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08-18-2014, 11:47 AM   #16
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QuoteOriginally posted by Adam Quote
It's not the equipment, its the photographer. People who buy fullframes are more likely to be really into photography, and thus you can expect a higher proportion of eye opening photos from users of those cameras than your everyday rebel, k-r, or d3000 snapshots.

While ff also holds a technical advantage, it doesn't necessarily lead to better images
I have met several beginners with full frame cameras. A camera is not only a tool; it is also fashion statement. Once people get bored with touch screens and retro button arrangements la Fuji x-e1, full frame is the only thing unique that remains.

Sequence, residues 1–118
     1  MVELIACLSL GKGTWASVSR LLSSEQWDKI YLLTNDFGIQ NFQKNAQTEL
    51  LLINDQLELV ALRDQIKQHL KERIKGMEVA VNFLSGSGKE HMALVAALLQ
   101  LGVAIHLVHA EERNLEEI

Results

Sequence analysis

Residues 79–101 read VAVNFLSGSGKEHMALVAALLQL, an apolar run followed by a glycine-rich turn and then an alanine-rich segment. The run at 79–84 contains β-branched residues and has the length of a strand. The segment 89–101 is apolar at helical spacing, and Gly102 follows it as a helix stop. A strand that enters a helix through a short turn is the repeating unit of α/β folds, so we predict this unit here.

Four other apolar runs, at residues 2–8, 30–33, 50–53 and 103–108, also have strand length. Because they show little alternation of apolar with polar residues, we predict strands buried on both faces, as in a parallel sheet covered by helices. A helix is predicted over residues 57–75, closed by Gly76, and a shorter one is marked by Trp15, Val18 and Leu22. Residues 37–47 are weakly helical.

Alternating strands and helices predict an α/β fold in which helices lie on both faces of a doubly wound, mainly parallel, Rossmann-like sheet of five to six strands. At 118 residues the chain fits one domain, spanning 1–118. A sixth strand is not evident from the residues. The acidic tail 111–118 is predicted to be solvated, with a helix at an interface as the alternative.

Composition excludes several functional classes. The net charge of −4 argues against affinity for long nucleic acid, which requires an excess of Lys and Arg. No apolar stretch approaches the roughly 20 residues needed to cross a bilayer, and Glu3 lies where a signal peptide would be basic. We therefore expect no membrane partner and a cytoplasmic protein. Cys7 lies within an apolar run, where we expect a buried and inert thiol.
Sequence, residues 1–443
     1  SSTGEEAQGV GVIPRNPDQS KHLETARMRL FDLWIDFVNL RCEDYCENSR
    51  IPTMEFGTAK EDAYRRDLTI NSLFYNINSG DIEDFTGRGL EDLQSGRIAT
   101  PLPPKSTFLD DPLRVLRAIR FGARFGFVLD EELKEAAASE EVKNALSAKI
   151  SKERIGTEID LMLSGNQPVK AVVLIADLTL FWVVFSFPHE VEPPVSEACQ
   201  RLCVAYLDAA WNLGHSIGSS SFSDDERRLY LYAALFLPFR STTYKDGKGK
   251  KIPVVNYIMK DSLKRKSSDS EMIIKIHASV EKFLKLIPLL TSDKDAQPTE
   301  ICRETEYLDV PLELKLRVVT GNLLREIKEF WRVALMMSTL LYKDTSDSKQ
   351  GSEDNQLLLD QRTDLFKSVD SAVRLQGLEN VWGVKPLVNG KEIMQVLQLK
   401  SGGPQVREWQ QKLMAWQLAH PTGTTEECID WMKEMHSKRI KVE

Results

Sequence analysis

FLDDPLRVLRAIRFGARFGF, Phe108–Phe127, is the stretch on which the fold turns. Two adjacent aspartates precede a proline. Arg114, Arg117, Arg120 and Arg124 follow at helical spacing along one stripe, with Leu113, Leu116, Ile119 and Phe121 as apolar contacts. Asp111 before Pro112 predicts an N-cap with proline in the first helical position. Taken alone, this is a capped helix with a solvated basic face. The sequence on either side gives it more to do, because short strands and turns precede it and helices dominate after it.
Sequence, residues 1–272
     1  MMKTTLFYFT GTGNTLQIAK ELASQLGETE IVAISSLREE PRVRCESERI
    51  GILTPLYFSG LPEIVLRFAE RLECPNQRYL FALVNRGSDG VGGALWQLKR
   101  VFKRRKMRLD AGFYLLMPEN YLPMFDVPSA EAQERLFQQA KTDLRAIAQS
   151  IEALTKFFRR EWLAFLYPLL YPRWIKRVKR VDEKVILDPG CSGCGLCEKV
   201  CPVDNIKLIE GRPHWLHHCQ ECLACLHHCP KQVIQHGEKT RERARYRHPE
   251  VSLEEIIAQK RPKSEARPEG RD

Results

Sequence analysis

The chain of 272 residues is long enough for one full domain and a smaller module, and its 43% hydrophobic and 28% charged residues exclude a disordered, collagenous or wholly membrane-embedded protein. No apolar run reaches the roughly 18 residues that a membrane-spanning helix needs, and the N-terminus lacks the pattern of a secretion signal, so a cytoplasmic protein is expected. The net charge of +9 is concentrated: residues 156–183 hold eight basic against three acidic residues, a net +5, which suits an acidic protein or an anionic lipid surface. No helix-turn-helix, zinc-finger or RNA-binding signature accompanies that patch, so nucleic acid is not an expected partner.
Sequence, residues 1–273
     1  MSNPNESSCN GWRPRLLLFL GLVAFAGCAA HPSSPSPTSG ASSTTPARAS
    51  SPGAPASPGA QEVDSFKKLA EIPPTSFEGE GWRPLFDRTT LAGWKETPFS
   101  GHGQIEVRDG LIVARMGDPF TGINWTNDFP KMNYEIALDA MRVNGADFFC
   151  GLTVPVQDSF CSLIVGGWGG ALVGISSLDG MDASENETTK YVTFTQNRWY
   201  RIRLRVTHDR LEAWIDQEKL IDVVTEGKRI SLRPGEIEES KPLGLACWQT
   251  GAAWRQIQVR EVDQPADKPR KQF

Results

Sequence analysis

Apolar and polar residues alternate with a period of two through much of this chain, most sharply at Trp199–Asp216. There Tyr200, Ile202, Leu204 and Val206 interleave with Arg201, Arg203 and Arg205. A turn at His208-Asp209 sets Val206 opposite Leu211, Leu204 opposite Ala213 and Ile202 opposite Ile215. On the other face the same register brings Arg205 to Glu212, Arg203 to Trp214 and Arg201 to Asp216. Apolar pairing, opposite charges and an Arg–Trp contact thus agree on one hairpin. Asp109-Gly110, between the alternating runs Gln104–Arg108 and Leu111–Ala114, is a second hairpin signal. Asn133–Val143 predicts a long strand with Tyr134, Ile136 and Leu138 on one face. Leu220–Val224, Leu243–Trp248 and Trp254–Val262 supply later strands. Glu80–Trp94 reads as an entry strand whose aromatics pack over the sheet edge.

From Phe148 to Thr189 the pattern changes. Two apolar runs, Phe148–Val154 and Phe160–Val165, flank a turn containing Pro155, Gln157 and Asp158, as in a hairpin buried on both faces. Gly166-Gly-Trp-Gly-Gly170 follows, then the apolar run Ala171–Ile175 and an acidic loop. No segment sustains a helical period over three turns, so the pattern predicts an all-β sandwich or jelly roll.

08-18-2014, 11:52 AM   #17
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Looking at the search results for that location, I found the images that were taken with longer exposures to be more pleasing (10 - 20 secs).
This would require sturdy support equipment as I assume it is a windy location.
There could be a correlation of photographer experience and technique to equipment used?
08-18-2014, 11:52 AM   #18
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QuoteOriginally posted by DominicVII Quote
I have met several beginners with full frame cameras. A camera is not only a tool; it is also fashion statement. Once people get bored with touch screens and retro button arrangements la Fuji x-e1, full frame is the only thing unique that remains.